Michael J. Hewitt, PhD, of Canyon Ranch Resort, will share his personal journey of resilience and triumph in this practical and inspiring presentation on true preventive medicine.
In its first scientific statement on sleep, the American Heart Association and its committee of heart health and sleep researchers, including Michael Grandner, PhD, of the UA College of Medicine – Tucson, find in a review of current evidence that too much or too little sleep, along with sleep-related breathing irregularities and insomnia, may be linked to heart risk factors.
The University of Arizona, Project Sleep and the Sleep Research Network are teaming up to engage patients, scientists and other stakeholders as partners in sleep research; the first of four events for sleep researchers and the public will be held Friday, Oct. 7, in Bethesda, Md.
Heather Cassell, MD, will provide specialized allergy and immunology care for children; Emily Keyser, MD, and Erica Danielle Laber, MD, will provide general pediatric care.
Dr. Mathew Hutchinson will provide an update on atrial fibrillation on Oct. 25 at 6 p.m. in DuVal Auditorium.
Joy Bunt, MD, was a respected exercise physiologist and endocrinologist, and assistant professor with the University of Arizona departments of Physiology and Exercise and Sport Sciences when she realized she wanted to broaden her experience.
Banner Children’s at Diamond Children’s Medical Center and the University of Arizona Health Sciences will advance pediatric health care through a new genomic medicine agreement with other premier children’s hospitals throughout the nation.
Camp Wellness, a health and wellness program for adults with serious mental illnesses, is one of just three programs in the nation to receive the SAMHSA award this year.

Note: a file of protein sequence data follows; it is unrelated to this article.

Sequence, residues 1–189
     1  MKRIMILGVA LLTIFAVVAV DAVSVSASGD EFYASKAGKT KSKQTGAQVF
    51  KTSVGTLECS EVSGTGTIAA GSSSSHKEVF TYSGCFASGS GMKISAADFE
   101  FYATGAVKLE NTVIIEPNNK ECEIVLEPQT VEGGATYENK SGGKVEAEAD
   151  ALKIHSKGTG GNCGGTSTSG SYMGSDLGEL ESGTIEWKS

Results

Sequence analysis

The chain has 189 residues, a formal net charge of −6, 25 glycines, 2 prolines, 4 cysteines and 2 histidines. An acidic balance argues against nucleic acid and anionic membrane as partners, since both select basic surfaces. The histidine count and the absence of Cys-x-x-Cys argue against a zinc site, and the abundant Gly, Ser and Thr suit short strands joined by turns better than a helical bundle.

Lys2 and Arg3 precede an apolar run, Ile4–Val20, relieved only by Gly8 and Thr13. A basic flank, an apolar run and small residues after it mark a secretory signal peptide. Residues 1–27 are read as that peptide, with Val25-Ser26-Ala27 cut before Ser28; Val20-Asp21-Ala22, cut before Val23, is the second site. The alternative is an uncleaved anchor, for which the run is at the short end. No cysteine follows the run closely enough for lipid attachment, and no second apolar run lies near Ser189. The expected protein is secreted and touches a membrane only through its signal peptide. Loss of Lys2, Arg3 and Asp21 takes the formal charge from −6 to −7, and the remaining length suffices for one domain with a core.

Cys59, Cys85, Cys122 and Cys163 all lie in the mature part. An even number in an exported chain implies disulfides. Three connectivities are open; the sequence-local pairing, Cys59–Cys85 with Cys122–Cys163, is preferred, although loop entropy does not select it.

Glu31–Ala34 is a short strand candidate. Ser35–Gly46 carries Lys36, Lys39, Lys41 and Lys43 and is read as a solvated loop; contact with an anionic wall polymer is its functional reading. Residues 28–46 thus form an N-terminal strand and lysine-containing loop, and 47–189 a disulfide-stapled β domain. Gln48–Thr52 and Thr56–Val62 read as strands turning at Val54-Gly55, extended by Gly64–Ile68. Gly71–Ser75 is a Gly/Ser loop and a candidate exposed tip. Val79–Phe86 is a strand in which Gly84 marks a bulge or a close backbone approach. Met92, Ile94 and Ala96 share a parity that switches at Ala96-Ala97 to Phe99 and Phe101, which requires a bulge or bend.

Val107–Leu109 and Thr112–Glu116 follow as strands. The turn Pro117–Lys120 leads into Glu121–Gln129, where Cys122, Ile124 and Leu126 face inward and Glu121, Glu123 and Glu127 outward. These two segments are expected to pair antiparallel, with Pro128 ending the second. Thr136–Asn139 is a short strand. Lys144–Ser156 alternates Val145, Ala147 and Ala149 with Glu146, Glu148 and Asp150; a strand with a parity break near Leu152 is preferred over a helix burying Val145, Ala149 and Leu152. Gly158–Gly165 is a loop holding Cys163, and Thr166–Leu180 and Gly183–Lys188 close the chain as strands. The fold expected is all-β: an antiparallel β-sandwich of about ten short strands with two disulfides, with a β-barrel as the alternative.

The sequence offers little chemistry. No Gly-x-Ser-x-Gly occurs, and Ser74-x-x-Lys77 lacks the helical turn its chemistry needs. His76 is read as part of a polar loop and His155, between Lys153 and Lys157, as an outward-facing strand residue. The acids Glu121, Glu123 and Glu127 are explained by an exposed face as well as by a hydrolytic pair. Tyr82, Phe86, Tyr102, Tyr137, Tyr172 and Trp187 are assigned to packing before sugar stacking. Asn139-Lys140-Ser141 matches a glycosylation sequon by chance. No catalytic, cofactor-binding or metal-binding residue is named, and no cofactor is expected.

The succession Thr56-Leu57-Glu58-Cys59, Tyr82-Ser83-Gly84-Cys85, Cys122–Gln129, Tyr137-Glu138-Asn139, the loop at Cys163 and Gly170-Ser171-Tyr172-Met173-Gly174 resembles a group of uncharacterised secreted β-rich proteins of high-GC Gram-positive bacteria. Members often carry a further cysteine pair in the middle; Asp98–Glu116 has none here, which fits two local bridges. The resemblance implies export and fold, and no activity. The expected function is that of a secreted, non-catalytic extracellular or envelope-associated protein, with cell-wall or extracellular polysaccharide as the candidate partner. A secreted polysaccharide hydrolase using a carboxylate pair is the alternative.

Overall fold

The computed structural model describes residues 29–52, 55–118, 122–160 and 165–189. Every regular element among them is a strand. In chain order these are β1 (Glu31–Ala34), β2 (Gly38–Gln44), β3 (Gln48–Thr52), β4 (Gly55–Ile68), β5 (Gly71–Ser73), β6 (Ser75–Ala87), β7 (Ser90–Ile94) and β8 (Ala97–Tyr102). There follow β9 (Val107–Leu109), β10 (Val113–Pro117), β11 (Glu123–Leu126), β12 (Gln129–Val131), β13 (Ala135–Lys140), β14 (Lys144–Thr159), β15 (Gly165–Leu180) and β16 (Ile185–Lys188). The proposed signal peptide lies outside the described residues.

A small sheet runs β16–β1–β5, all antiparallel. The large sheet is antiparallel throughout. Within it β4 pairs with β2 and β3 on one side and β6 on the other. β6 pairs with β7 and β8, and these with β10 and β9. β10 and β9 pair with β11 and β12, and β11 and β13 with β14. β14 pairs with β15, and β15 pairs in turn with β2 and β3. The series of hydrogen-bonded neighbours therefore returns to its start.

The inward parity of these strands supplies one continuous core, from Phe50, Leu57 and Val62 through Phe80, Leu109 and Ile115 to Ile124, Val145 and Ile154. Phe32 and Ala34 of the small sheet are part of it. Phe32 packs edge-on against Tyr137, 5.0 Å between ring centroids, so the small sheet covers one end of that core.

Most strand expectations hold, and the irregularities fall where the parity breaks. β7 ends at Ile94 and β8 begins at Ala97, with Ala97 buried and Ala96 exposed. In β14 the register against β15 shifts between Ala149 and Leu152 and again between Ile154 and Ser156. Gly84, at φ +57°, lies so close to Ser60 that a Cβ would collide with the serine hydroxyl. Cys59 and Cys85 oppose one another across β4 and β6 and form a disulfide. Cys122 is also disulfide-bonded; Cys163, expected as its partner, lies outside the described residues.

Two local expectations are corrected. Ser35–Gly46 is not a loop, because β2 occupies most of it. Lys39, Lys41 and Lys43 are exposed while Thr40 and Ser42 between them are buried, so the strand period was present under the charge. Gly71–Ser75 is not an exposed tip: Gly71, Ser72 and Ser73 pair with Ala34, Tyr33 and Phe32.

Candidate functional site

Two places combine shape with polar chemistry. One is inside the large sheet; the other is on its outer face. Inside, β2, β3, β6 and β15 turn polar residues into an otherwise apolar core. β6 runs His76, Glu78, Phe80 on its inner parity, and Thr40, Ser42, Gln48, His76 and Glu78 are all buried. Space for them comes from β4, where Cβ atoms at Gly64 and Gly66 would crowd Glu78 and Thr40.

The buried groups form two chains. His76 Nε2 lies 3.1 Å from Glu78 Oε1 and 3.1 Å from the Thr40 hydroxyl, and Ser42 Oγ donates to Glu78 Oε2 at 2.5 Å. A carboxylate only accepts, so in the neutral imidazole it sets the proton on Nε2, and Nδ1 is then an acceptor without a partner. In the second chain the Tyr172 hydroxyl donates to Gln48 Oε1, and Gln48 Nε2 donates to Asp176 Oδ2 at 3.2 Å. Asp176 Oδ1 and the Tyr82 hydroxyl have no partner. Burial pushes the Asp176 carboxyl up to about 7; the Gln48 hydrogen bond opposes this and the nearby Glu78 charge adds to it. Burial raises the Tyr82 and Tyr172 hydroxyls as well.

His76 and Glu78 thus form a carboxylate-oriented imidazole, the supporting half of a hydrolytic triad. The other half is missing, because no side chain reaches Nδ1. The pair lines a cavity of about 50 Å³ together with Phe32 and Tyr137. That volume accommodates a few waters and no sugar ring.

Initiative explores why more women than men are living with the disease
On Father’s Day 2009, Cameron Price boarded a plane for Washington, D.C., where he went through a day of orientation with the Peace Corps. After that, he flew to South Africa, then hopped on a bus to neighboring Swaziland.
Partnership with UA College of Education a Win for Southern Arizona Pediatric Patients
A record number of applicants and a record yield rate of accepted students led to record enrollment for the University of Arizona College of Medicine – Tucson’s Class of 2020.
Dean Cairns shares his vision and goals for the College of Medicine – Tucson at 2016 State of the College Address
The benefits of Tai Chi for healthy aging, fall prevention, neurocognitive disorders and cultural considerations for elder American Indians are all topics in this fall’s newly relocated Advances in Aging Lecture Series, now held in Kiewit Auditorium at the UA Cancer Center. They return to the UA Health Sciences campus after four years at the Banner – UMC South hospital’s Behavioral Health Pavilion.
PLEASE NOTE: Due to widespread storms in Southern Arizona resulting from Hurricane Newton, the following event was rescheduled to Wednesday, March 1, 2017—same time, same location. We apologize for any inconvenience.
A member of the National Cancer Institute Head and Neck Cancer Steering Committee and a former Tucsonan, Julie E. Bauman, MD, MPH, joins the UA College of Medicine – Tucson faculty as professor and chief of the Division of Hematology and Oncology in the Department of Medicine and the UA Cancer Center.
Dr. John Galgiani is among three University of Arizona physicians on an Infectious Diseases Society of America panel that authored updated treatment guidelines for the respiratory disease that’s endemic to the U.S. Southwest. The recommendations are for physicians who may not be aware of the disease as well as those whose patients may have contracted it while visiting the region.
Learn CPR from the place that developed chest-compression-only CPR: Sarver Heart Center.
Cancers with a particularly poor prognosis pose a major challenge to health care in the 21st century. New research shows that a highly personalized, patient-directed approach is necessary to improve treatment outcomes.
Study by University of Arizona-led team finds that disruptions in access to sodium permanganate, used in cocaine production, and pseudoephedrine, a methamphetamine precursor chemical, which occurred in 2006 and 2007, were associated with the reductions.